STOCKHOLM.- Moderna Museet
is the first museum in the world to present a complete exhibition of Klara Lidén. Her major exhibitions to date have been outside Sweden, and have attracted astonishing acclaim from critics and the public, but until now she has been relatively unknown in Sweden. This exhibition is organised jointly with the Serpentine Gallery in London and includes every facet of her oeuvre from 2003 to the present day: videos, stills, installations and a series of painted wall sculptures.
The overall concept is a ghostly labyrinth with an unexpected secret chamber, designed especially by Lidén for Moderna Museet. The entrance to the exhibition has also been moved, to stress the many ways in which a building can be used.
Architecture and urban planning are central to Klara Lidéns oeuvre. She originally studied architecture at the Royal Institute of Technology in Stockholm in 2000-2003, but then went to Berlin for a year. There she switched to art and enrolled at the University College of Arts, Crafts and Design in Stockholm, where she studied between 2004 and 2007. In her work, but also in her activism in urban spaces, Klara Lidén reminds us of the complex interplay between the individual and the collective. She challenges our most fundamental perceptions of private and public spaces, and explains:
I am partly the poor architect dealing with the problem of existing structures in a city, and partly the amateur dancer or performance artist who wants to convey ideas about rhythm and construction, or about reclaiming our built environment.
In her video work Paralyzed from 2003, Klara Lidén ignores the etiquette of the public domain and performs an anarchic, wild dance on a commuter train. Paralyzed is also about collectively being alone, since she does not make direct contact with any of her fellow-commuters. In Klara Lidéns installations, visitors often have to literally negotiate her constructions, which insist on being acknowledged. Now, she is going the full monty and disturbing the habitual museum experience with her labyrinthine enactment.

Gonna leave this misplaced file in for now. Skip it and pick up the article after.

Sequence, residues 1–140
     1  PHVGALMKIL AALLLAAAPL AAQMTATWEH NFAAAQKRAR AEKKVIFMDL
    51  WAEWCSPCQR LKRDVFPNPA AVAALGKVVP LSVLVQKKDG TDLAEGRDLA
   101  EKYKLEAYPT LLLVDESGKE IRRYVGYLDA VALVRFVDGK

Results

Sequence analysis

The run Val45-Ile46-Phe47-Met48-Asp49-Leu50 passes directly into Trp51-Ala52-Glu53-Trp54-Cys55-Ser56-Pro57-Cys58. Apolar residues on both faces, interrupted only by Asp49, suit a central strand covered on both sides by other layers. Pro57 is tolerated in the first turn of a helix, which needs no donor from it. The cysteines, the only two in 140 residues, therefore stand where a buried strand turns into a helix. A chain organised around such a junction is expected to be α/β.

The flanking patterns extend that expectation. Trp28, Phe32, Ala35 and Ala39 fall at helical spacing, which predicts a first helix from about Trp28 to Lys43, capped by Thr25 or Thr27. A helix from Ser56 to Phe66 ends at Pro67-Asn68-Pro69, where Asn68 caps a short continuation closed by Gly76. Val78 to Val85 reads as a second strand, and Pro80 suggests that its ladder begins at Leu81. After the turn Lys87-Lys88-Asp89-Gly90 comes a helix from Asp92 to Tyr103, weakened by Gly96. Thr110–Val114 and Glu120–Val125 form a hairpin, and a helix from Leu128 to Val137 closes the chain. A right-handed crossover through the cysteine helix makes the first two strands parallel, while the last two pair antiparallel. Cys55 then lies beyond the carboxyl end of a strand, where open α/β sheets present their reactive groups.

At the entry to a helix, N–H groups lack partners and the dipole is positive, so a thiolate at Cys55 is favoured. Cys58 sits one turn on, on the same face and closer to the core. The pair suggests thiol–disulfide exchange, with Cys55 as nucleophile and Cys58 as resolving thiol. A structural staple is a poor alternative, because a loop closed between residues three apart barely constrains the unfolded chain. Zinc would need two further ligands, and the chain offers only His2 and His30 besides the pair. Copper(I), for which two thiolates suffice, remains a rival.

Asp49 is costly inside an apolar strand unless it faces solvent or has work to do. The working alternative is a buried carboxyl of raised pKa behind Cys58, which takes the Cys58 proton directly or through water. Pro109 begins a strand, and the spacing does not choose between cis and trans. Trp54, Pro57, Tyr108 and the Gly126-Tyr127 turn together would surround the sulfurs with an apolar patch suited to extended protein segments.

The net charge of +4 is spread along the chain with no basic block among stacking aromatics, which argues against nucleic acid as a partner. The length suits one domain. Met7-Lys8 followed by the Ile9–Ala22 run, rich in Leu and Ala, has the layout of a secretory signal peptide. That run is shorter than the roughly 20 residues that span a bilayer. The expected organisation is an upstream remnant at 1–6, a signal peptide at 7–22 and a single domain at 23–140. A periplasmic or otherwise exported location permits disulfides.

Every day, all over the world, people travel by underground or bus, wait at crossings, stand in queues or drive on the correct side of the road. It is astounding that this communality actually works. Klara Lidéns art reminds us, however, of how fragile this community is. Sometimes it is even forced upon us. She wants me to feel uncomfortable about my deceptive longing for perpetual security, says the curator, John Peter Nilsson.
In the exhibition catalogue, John Kelsey poignantly describes Lidéns art as architectonic hooliganism. One night, for instance, she removed all advertising posters in central Stockholm and replaced them with a transparent sticker bearing the title of this action: U TRY MME, (2002). This can be read as the Swedish word utrymme, which means space, but also as the English phrase You try me a comment on who has the right to our public sphere.
This major solo exhibition at Moderna Museet features several videos, slide projections and large-scale installations. It also includes the apartment installations Unheimlich Manöver, which was shown at Moderna Museet in 2007.